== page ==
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Point/Counterpoint: Should int'l recruiting be a UI prerogative?

BY DI EDITORIAL STAFF | OCTOBER 14, 2011 7:20 AM

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Yes

I frankly don't see how placing emphasis on international recruiting can be a negatively perceived from an analytical standpoint.

First of all, let's clear the air for takeoff: the apparent assumption that foreign students, especially those from populous and developing areas of Asia, earn American degrees and then return to fuel their own economies is not valid. This is a simple matter of establishing a contractual system for mandating the American employment of international scholars who earn degrees here. So forget it.

International students bring a lot more to the table than a warm mass in a classroom. For one, they create an influx in foreign spending to the UI and, like any out-of-state student, bring in more funding to the university.

On a nonmonetary level, international students add diversity. Not only do they bring diversity to the demographics and the dynamics of the student body, but also to the scholarly framework and agenda of the university as a whole. We all know that an increase in perspectives results in a more efficient, well-rounded, and colorful (no pun intended) system of intellectual innovation.

Studies of diversity in educational communities seem to speak for themselves. One study conducted by the College of Liberal Arts at Loyola Marymount University found that having a diverse student body is directly associated with certain positive attributes of a college environment: stronger commitment to multiculturalism, a greater faculty emphasis on ethnic and gender issues in research and in the classroom, and more frequent student involvement in cultural-awareness workshops and ethnic-studies courses.

Beyond the logic of diversification, which is undoubtedly the cornerstone of the supporting argument, the truth is, in my opinion, the university student body doesn't need any more suburban white kids.

Everyone and his brother goes to college nowadays. And what's more, it feels like half of us don't even graduate with jobs in professional fields of employment. So it seems to me that, given the nationwide trend of college enrollment and post-college employment, a "change" isn't necessarily something to be feared.

The addition and further inclusion/absorption of more international students will only increase the well-roundedness, productivity, and local flavor of our university and local environment.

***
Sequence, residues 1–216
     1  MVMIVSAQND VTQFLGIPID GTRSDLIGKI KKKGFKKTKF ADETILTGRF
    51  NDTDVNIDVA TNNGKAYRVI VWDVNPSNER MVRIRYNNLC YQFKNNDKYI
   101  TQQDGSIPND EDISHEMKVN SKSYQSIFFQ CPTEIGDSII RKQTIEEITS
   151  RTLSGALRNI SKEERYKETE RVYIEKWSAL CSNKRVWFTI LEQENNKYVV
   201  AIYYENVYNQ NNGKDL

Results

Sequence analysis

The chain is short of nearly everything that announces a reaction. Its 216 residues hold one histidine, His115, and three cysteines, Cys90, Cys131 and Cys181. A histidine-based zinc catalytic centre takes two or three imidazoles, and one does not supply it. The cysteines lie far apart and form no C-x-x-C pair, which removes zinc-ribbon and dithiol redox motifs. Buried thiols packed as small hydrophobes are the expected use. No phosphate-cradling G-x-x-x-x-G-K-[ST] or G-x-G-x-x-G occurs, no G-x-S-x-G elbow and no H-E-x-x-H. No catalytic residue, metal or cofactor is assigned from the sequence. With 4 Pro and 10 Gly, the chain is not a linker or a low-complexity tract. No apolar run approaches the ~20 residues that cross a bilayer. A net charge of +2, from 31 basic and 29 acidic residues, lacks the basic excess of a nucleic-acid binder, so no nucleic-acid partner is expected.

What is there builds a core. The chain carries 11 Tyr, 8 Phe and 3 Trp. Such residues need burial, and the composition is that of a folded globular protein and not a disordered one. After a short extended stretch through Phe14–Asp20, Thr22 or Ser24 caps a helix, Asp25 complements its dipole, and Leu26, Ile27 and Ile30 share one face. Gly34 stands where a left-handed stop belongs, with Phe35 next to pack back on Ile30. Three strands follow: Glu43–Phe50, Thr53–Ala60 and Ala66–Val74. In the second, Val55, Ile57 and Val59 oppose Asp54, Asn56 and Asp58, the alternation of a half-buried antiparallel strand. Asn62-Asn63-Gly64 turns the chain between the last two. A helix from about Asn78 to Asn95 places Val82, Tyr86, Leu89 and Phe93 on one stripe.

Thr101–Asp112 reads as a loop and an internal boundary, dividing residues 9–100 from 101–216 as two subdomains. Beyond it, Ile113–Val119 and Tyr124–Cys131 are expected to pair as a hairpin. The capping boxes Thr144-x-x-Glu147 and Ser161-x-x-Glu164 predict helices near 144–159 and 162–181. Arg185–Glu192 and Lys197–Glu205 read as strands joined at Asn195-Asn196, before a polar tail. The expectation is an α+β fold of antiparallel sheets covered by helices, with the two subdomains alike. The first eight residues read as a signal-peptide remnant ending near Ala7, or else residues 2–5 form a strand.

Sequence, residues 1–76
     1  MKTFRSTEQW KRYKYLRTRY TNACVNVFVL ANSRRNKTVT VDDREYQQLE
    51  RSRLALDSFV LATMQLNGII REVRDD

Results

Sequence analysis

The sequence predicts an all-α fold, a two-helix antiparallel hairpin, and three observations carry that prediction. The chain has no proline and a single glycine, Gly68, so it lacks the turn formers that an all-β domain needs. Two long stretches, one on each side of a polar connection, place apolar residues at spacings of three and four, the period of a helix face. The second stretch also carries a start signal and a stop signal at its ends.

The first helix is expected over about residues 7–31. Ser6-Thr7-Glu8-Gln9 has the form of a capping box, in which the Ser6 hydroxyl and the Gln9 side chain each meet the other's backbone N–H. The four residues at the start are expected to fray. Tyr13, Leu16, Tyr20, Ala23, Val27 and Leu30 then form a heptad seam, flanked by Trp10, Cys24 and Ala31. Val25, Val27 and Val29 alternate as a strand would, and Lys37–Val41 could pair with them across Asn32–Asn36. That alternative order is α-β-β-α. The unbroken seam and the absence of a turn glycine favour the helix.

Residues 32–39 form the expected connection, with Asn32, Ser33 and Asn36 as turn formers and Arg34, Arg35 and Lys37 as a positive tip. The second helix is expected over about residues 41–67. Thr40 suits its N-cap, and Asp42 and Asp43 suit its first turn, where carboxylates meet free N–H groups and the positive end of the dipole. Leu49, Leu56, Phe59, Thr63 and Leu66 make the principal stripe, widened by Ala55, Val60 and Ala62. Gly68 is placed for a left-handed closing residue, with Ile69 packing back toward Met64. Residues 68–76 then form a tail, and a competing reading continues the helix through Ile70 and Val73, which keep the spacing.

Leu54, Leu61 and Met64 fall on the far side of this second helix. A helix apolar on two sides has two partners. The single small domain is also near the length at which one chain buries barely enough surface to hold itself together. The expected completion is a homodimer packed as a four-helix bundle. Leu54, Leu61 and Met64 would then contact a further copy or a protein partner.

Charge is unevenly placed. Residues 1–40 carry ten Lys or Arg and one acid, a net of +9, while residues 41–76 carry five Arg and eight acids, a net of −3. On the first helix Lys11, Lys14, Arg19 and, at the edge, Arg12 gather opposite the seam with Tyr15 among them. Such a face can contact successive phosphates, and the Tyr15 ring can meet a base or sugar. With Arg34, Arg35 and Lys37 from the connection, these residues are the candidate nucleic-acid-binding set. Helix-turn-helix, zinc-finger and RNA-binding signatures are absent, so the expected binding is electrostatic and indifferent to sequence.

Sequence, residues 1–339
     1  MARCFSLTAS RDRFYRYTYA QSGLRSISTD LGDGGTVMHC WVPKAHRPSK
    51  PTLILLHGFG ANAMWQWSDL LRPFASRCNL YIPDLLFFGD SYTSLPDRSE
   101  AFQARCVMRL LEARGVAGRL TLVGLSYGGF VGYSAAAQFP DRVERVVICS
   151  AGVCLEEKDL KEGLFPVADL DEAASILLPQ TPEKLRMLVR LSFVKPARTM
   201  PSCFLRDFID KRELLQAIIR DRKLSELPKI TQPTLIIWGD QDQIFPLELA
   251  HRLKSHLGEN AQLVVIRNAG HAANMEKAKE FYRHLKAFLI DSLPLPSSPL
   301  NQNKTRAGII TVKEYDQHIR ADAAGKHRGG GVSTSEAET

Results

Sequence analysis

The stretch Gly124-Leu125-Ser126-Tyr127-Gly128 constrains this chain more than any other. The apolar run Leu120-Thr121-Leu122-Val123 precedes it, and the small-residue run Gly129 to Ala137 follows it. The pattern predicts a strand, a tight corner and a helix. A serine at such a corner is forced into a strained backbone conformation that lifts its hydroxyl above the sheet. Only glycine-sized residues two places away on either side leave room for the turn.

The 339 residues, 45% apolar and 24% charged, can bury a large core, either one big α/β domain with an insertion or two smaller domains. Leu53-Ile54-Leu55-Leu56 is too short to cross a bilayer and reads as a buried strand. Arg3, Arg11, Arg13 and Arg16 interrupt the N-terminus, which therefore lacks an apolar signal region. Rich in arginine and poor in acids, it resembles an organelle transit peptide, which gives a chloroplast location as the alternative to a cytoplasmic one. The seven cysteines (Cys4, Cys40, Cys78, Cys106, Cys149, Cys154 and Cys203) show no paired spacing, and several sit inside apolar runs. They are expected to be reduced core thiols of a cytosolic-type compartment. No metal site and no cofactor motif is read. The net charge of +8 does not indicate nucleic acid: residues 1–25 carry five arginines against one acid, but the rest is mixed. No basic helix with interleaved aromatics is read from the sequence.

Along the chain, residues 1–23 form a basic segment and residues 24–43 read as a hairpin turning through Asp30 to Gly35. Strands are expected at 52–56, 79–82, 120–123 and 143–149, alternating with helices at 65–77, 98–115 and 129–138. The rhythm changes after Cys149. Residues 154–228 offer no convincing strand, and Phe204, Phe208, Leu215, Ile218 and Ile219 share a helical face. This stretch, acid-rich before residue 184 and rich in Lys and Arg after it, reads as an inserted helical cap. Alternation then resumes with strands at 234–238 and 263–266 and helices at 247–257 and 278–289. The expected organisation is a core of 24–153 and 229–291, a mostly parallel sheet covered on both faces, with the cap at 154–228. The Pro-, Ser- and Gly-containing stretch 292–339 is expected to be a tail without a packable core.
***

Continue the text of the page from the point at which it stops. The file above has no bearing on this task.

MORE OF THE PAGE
— Samuel Cleary

No

The classic battle of the chicken and the egg wages on. Should we invest in bringing more colorful eggs to the UI or should we invest more in the chicken so the eggs will actually hatch?

We should invest in the chicken. Because if we don't feed the chicken, then no one will want the eggs, no matter where in the world they come from.

OK, I'm going to stop talking code. Frankly, the UI needs to stop focusing on international issues and wake up: The university needs to work on its reputation before it can go around bragging about it.

I'm not talking about academics. I know we excel as a public university, you know we excel as a public university, but even if you don't, I'm going to brag a little. We are ranked No. 71 among national universities, including such private universities as Harvard, Stanford, Princeton, and Yale. Not bad.

We rank No. 28 among public universities. Seriously, that's a number to be more than proud of — and we haven't even gotten to specific programs yet. We fall in the top-10 for best medical schools, best clinical psychology programs, social psychology, and RN training. We are No. 1 in speech-language pathology. No. 1.

Did you know that? I didn't until this morning, and I'm an active member of this university. I feel like the national papers didn't run with those rankings. And that's not entirely fair.

I knew one ranking: No. 4 in party schools, according to the Princeton Review. The media loved that one. It was picked up by the Chicago Tribune, the Huffington Post, USA Today — oh, and Wikipedia picked it up, but it's not like people actually get information from there. In 2010, we were in the top 10 in Playboy's best party schools — those that who are best known for their nudity, yeah, but don't worry, we've moved down in that one. For now.

So people know the UI as an undergraduate school that turns a blind eye to binge drinking and partying on campus. We need to take the money from international recruitment and focus it toward improving our reputation at home, in Iowa.

Better academics, better education, better students: Invest in the chicken, because, honestly, people don't want an egg that will give them alcohol poisoning.

— Benjamin Evans


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